The presence of 20 minors, all unaccompanied males between ages 12 to 17, staying up to a month at VisionQuest’s facility in Benson prompted public comments during and after a town hall ranging from sympathy for the kids’ plight to demands for city officials to pull the company’s business license, and calls for local police to forcibly remove the children.
Tucson-based VisionQuest’s facility in Benson is housed in a former Days Inn which underwent renovations in 2020. It is one of more than 100 temporary shelters and long-term residential facilities across the country for unaccompanied children from several Central and South American countries.
Benson Mayor Joe Konrad, City Manager Vicki Vivian, and Cochise County Sheriff Mark Dannels toured the VisionQuest facility last week, prompting the mayor to host the two-hour April 1 town hall to allow the company’s chief operating officer an opportunity to explain how what is occurring at the high-fenced property.
He also allowed the public to ask questions, some of which centered on the lack of help by Sen. Kyrsten Sinema and Sen. Mark Kelly with the local impact of the border crisis. Other comments addressed the legality VisionQuest’s business license and occupancy permit, as well as whether city officials are violating federal immigration laws by allowing the youth to remain within the city limits.
At least one resident has suggested the Benson Police Department or Cochise County Sheriff’s Office should demand the children leave the city, or even remove them if necessary.
According to COO Carol Keller, the first unaccompanied minors came to the facility through the U.S. Department of Health and Human Services’ Office of Refugee Resettlement in February. All of the youth who enter VisionQuest’s facility are boys ages 12 to 17 who passed screening by U.S. Immigration and Customs Enforcement (ICE) to weed out anyone with gang affiliations or medical conditions.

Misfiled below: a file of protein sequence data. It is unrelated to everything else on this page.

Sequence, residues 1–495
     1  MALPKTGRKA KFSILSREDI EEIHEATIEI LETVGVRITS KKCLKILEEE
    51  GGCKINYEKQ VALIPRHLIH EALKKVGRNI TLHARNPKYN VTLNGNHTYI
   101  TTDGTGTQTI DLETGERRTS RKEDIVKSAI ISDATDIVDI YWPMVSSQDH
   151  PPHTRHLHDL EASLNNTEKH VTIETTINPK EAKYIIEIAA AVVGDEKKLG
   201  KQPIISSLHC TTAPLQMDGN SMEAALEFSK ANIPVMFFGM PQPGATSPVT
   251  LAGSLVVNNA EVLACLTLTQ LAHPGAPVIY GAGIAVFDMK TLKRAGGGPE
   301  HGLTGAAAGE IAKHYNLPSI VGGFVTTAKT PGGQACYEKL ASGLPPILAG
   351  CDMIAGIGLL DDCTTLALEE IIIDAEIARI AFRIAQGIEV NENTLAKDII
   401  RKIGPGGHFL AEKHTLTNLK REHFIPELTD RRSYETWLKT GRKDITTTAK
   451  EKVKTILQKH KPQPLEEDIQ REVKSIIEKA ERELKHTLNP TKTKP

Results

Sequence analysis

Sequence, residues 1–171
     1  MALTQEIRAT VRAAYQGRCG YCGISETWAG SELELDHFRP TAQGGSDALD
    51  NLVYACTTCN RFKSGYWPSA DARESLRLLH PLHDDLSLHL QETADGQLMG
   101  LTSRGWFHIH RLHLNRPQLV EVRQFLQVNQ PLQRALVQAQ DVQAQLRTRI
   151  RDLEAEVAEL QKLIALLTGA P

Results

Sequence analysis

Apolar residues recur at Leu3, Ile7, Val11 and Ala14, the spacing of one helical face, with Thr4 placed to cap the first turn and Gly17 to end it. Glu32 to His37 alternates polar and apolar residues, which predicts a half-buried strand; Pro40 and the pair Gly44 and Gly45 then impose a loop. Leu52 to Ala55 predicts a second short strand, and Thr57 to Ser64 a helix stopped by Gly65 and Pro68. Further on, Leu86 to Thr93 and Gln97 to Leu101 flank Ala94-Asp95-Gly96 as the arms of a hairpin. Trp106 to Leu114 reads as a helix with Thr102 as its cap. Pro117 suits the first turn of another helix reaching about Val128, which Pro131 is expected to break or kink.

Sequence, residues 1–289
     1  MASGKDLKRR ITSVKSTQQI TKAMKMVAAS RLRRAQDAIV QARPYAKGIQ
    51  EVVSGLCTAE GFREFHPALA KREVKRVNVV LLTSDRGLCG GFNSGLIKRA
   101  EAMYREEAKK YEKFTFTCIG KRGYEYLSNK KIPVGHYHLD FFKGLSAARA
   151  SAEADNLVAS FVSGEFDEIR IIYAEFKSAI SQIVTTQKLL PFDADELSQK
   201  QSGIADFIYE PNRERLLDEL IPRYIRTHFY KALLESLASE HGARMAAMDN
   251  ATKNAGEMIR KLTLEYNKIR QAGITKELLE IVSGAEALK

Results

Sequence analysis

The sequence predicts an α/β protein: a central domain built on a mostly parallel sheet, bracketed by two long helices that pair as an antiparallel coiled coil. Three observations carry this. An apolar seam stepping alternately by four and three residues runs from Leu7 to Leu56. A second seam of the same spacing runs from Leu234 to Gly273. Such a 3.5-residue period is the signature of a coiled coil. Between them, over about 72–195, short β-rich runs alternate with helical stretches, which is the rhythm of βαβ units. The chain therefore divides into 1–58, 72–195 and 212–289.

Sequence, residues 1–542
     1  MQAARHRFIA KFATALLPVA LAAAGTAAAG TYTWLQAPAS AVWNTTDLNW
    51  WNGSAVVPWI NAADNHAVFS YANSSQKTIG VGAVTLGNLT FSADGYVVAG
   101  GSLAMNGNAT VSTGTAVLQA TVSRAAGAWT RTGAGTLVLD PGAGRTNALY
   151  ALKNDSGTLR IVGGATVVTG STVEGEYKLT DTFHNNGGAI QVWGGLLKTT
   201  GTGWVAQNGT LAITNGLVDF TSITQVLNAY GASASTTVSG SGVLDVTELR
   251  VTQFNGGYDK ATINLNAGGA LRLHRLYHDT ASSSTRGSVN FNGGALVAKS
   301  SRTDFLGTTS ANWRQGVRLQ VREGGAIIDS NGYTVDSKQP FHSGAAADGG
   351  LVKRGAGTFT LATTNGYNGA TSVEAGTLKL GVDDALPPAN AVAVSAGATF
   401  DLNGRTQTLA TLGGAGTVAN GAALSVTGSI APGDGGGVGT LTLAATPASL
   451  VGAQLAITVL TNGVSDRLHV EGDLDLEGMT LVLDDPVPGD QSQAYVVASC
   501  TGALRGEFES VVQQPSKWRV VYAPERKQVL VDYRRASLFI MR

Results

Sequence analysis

Once at the Benson facility, the boys receive childhood vaccinations and are tested for COVID-19. They also undergo diagnostic assessments, as well as screening for human trafficking concerns and crisis intervention needs.
Then each boy is placed in a single-bed room for a 14-day quarantine while VisionQuest staff perform various assessments and work with the refugee program to locate a family member or other sponsor to take custody of the child. None of the children stay more than 30 days in the Benson location, Keller said, meaning that anyone not placed with a sponsor by then is transferred to another ORR-approved facility.
Although the Benson facility is contracted to house up to 60 children, Keller explained that COVID-19 protocols and staffing needs has the current number of kids at only 20. She added that there is one care specialist for each eight kids, the same ratio as case managers to kids.
Some town hall attendees expressed concern with public safety due to the presence of the children. However, Keller said the children will not be enrolled in Benson area schools nor be allowed outside of the locked high fenced property.
To date in fiscal year 2021, VisionQuest and its various Arizona locations have been awarded more than $10 million to shelter and care for unaccompanied minors at the border. Keller told the town hall attendees she is not involved with the financial side of the company and therefore did not know who much VisionQuest is receiving per child.
Editor’s Note: This is the second in a series of articles which will look at the myriad government agencies legally tasked with ensuring unaccompanied children are properly cared for, along with the non-government organizations (NGOs) and for-profit companies receiving millions of taxpayer monies to house, feed, counsel, medically treat, and educate the children.